Would having a celebrity call to wake you up in the morning help encourage you to get up and get to class?
That's just one innovative way the non-profit Get Schooled is mixing "sizzle with substance" to encourage students to graduate high school and reach their educational goals.
I recently spoke with Marie Groark, the executive director of the Get Schooled, about her college journey, what it's like to have such a cool job, and more about what Get Schooled is doing to help students across the country reach their goals.
Marie grew up in what was then one of the poorest cities in the country - Hartford, Connecticut. Marie owes her college success to her mom: "I was in my second week in an honors English class and I decided the class was too hard for me. I asked the teacher if I could switch out and she said 'sure no problem.' When I came home and told my mom the class was too hard, wow, you should have seen the look on her face. It was that moment I realized you don't set low expectations in our family. I stayed in the class."
While Marie knows every student needs this important blend of encouragement and high expectation, she knows millions of students do not get that from their parents. "You really see the stark difference when you’re growing up among that poverty," she said of her childhood in Hartford. This disparity inspired Marie to work in education.
However, like most college students, she still wasn't sure what to do when she graduated college. She first got a job in the District Attorney's office in New York: "I thought maybe I should be a lawyer. But then I saw tons of 15 and 16 year olds who had committed these crimes. And I knew that I just had to stay focused on education."
Marie went on to become a high school social studies teacher and attended graduate school at Columbia University Teachers College and then the Harvard University Kennedy School of Government.
Marie is a great example of how passion plus higher education can lead to incredible job opportunities. But she explains how it takes time: "In your undergraduate years you don’t always realize how big the world is and how many places you can go or how many different paths you can take. Getting out of my comfort zone and meeting new people was huge."
In addition to being a teacher Marie also worked for IBM and the Bill and Melinda Gates Foundation. And then she joined Get Schooled to help bridge the gaps she saw growing up.
I could hear her voice brighten when she said: "We want to help young people see their potential, set high expectations for themselves, and believe that they can reach those goals. We then want to give them access to the information they need to make those dreams a reality."
Marie sees her current job as her dream job. By mixing her passion for education with pop culture, she believes they can really make an impact by meeting students right where they are and speaking to them through the role models they're already listening to.
In her work, Marie works with middle and high schools, corporate partners, and celebrities to bring content, inspiration, and tools to students in entertaining ways that will ensure they actually get the message.
In short, substance with sizzle.
One of their biggest projects includes their attendance challenge where high schools compete to have a celebrity be "principal for the day" at their school (which includes the celebrity speaking to classes, making announcements on the loud speaker, and sometimes performing at an assembly).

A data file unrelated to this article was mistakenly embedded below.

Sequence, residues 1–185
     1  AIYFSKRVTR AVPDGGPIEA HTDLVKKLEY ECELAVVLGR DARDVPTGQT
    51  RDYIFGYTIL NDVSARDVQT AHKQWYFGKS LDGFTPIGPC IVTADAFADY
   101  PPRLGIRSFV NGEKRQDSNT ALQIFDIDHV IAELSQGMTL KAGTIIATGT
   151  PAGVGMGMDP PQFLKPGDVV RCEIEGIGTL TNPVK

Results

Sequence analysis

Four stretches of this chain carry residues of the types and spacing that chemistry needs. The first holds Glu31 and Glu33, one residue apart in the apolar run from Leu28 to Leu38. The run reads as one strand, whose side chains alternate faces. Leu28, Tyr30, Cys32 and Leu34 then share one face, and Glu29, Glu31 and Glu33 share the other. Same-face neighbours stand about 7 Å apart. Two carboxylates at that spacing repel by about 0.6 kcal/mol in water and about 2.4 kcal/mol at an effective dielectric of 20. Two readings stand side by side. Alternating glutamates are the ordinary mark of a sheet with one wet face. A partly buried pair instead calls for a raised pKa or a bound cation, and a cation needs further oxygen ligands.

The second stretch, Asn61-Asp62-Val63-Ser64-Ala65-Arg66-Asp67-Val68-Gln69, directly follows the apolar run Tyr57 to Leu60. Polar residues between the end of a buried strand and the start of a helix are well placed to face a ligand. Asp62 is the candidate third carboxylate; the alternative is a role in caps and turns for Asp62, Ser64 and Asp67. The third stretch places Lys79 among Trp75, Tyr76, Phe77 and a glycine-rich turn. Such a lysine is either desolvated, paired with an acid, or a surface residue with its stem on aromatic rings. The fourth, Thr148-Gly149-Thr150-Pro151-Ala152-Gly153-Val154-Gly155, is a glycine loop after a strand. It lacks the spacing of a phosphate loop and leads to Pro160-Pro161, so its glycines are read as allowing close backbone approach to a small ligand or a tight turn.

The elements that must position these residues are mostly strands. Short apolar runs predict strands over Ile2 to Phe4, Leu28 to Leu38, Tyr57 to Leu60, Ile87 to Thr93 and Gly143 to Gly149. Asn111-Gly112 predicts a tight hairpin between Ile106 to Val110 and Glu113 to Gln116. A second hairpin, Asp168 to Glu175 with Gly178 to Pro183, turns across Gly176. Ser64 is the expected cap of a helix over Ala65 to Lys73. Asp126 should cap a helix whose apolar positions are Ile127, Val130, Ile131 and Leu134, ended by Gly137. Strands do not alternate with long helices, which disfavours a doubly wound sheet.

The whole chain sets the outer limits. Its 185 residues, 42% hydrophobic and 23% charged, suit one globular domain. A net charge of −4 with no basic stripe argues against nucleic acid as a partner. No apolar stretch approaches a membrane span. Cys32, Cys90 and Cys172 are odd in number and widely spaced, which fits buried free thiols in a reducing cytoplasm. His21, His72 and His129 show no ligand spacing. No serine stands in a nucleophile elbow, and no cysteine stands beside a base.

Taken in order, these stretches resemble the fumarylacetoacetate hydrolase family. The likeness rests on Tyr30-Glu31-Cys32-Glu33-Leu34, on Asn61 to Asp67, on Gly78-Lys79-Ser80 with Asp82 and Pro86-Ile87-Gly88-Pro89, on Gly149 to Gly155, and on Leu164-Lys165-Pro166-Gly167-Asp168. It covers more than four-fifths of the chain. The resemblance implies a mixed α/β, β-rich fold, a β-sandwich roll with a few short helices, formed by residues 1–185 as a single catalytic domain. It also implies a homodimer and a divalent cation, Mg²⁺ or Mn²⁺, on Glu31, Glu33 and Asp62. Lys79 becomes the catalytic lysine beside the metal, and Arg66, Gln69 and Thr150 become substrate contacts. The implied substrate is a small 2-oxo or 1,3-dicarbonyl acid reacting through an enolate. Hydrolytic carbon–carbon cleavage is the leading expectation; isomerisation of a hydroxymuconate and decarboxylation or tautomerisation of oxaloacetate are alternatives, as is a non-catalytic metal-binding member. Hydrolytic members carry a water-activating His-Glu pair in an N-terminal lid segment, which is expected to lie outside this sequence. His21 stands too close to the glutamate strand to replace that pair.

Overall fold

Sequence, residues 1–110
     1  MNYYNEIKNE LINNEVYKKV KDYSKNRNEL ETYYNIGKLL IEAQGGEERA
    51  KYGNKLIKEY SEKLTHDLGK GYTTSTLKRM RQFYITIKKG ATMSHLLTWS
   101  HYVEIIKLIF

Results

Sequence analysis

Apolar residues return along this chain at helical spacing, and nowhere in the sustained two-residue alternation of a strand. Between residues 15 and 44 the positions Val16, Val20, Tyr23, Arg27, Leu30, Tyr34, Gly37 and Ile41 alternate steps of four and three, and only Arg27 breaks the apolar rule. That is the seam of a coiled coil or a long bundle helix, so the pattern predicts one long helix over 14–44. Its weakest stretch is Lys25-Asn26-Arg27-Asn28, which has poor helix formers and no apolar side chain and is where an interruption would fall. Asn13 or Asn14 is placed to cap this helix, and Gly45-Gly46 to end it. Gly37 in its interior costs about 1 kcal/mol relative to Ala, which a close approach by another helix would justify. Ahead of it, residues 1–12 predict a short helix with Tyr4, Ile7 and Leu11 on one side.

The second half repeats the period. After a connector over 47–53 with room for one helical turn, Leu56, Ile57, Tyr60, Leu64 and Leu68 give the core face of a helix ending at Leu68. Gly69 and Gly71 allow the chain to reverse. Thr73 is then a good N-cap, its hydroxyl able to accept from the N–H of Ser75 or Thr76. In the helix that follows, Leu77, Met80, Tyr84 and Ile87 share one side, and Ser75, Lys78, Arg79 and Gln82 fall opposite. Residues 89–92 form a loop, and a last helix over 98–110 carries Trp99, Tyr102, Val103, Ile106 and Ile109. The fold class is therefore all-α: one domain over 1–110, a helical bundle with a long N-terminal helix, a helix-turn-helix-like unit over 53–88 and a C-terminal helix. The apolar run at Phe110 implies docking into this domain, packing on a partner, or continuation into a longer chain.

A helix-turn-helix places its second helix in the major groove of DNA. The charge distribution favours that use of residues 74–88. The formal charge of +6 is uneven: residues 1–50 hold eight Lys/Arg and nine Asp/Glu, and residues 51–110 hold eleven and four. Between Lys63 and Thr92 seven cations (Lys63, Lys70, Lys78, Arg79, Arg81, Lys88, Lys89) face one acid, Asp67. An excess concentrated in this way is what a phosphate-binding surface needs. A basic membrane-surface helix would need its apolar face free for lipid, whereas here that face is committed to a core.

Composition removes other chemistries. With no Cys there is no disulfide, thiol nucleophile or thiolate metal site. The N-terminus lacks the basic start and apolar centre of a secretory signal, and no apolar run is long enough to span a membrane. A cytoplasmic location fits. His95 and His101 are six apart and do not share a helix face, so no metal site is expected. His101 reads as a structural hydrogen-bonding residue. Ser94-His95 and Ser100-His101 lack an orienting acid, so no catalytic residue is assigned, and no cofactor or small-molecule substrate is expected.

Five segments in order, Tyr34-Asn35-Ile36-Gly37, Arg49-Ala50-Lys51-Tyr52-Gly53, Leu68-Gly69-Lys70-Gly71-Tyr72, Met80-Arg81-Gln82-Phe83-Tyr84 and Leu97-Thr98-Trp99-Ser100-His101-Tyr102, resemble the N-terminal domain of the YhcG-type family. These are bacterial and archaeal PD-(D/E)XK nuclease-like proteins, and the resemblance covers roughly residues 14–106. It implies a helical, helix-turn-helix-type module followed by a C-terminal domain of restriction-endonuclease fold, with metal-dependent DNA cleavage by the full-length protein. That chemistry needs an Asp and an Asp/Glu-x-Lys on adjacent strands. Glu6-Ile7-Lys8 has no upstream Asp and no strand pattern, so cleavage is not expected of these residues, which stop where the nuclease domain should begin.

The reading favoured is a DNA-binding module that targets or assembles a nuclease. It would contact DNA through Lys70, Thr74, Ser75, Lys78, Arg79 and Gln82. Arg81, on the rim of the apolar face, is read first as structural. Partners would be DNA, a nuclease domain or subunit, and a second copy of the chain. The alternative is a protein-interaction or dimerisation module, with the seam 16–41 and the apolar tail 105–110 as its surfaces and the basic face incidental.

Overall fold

Marie says the adults in the high schools are often blown away by the amazing things that happen when you invite young people to be a part of the education conversation. As Marie puts it, "Education isn't something that should happen to kids, but something that is done with them in full partnership."
They'll soon be rolling out another challenge to help more young people fill out their FAFSA to attend college.
The earlier students can begin to see the value in showing up to school, setting goals, working hard, and establishing relationships with positive role models, the better our entire educational system and economy will be. The more I work in higher education, the more I see how crucial high school is.
If you're in college, I encourage you to think about how you might go back and help mentor students at your high school. Or perhaps think about how your campus club could do a project to reach out, motivate, tutor, and/or mentor high school students in your local area. High school students are in desperate need of more one-on-one college guidance, and while you may not be Beyoncé, you can certainly have just as big of an impact.
And finally, I just had to share with you the great advice Marie shared when I asked her about figuring out what you want to do with your college education and finding your dream job: "Realize that success often happens in smaller steps than we would like, and it's almost never a clear A to Z path - it's often very curvy. If someone had told me in college I'd be doing this I would have been like "really? really?!?" It was a lot about building different skills and meeting a lot of amazing people along the way. Do your best every day and take advantage of every opportunity, because you truly never know where each opportunity will lead."
To keep up with Get Schooled or get your own celebrity wake up call check them out on Facebook, Twitter, and GetSchooled.com.